There’s A Hugely Dangerous Confrontation Going On Between Russia And Ukraine. Why Should Americans Care?
Emergency United Nations Security Council Meeting Set For This Morning
Update: Ukraine’s Parliament Monday supported imposing martial law, giving President Petro Poroshenko expanded powers for at least 30 days. One of our friends who knows a lot about the region pointed out to us that whatever the impetus, and regardless of who the instigator is here, the timing is fortuitous for Poroshenko, who has an election coming up and has been lagging in the polls. The IMF recently mandated a hike in fuel prices there. With winter coming, that might’ve triggered widespread protests. Now all of a sudden such protests are illegal.
The main concern is the potential for a full-fledged invasion by Russia following on its annexation of Crimea back in 2014, and how the U.S. and Europe would potentially react. Yes, in 2014 President Obama took little action to try to head off Russia’s action other than condemning it. Trump has often used it as an example of how it’s unfair to say he’s not tough on Russia when Obama wasn’t either. And he’s also asserted that in Crimea’s case, they’d “rather be with Russia”. That attitude, and Russia’s actions, led to the Senate and House passing sanctions against Russia by veto-proof margins, which Trump reluctantly signed but was slow to implement.
Over the weekend, through several rounds of escalating hostilities, Russia ended up firing on Ukrainian ships, and took three of them. (According to Ukraine-based reporter Christopher Miller, those three ships account for a large percentage of Ukraine’s armed fleet). Russia also placed a huge cargo ship lengthwise underneath a bridge in the Kerch Strait, like a cop car in a Hollywood movie, sealing off access and preventing any commercial ships from passing (as you can see from the photo at the very top of this piece). That newly-built bridge, which opened only this year, connects Crimea to the Russian mainland. The Kerch Strait is crucial to Ukraine’s economy, because it ships steel — its 2nd biggest export after food products — down from Mariupol through the Azov Sea into the strait and out into the Black Sea (as you can see from the map just below). The strait is Ukraine’s only access point from the Azov Sea to the rest of the region. Ukraine and Russia have an international treaty sharing the Azov Sea and allowing both countries to operate in those waters, which is probably less important to Russia right now, now that it has the bridge.
Ukraine’s Parliament should vote today on its President Petro Poroshenko’s request to allow him to operate the country under martial law, which would give him the ability to respond more unilaterally. At the same time, that also raises questions, #1 being how does that help to alleviate what is for now a maritime crisis?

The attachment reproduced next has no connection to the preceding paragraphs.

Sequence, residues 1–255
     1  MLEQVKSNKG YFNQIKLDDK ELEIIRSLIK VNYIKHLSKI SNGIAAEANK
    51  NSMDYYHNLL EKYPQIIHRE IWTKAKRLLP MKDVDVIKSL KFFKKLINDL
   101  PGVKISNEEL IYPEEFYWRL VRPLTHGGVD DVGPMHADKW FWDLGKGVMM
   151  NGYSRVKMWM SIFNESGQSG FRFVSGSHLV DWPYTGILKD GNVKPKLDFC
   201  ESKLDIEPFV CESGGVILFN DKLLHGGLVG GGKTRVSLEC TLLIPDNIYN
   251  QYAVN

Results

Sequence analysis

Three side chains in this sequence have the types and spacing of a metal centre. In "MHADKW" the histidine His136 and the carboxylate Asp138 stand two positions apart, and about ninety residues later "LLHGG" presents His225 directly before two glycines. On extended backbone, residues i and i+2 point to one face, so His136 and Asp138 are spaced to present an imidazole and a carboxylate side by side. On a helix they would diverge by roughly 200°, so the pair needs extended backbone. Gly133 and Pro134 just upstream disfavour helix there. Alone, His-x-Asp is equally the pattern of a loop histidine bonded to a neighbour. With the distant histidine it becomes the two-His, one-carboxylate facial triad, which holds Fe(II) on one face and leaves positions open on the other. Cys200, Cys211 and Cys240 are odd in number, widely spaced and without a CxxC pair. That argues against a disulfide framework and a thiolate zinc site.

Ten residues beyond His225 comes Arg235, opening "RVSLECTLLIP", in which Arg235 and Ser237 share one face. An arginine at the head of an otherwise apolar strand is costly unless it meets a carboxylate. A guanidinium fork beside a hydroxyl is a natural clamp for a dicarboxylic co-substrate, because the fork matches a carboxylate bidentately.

Accusations are flying both ways: Ukraine accusing Russia of embarking on a dangerous new phase after repeatedly flouting international agreements following the annexation. And also of playing politics: President Putin’s popularity has sagged some recently, and the Russian public in the past has responded positively to actions designed to demonstrate he’s still a strongman.
Meanwhile, Russia says Ukraine’s leader forced the confrontation because he’s behind in the polls ahead of an election scheduled for early next year.
The European Union quickly issued a statement calling for Russia to stop blocking the strait. And “de-escalate the situation immediately”.
U.N. Ambassador Nikki Haley (yes she is still U.N. Ambassador) Tweeted only about the emergency U.N. meeting this morning, along with an alarming Retweet from a Heritage Foundation affiliated reporter in Ukraine, who calls the situation there “the most dangerous moment I’ve seen in Ukraine in years”.
While Ukraine is not a member of NATO, so it’s not entitled to the protections a NATO member would theoretically get if attacked, it’s also not likely Europe and the U.S. would do nothing to counter a full scale Russian invasion, although using military force to get Russia to back off would be very risky and Russia knows it. So this is a situation that calls for preemptive economic and political pressure to head off any further action on Russia’s part.
It also will be a very important test for the strength of decades-old U.S.-European military alliances. President Trump pestered France several times over the weekend with Tweets such as this:
Of course, this Tweet makes zero sense: if France is benefiting so greatly by treating the U.S. “badly” on trade, why would French people be protesting? They should be celebrating! And while Trump is right about European countries footing more of the bill for NATO, he also tends to conflate trade with military issues, which also is dangerous.
The French protests, BTW, were over rising diesel fuel prices, which are now starting to come down on their own. (Although France did recently increase a hydrocarbon tax by about 30-cents per gallon for diesel).
Even though energy prices have been falling worldwide recently, those lower oil prices are something Trump’s also taking full credit for: Tweeting Americans should be saying “thank you President T” for that.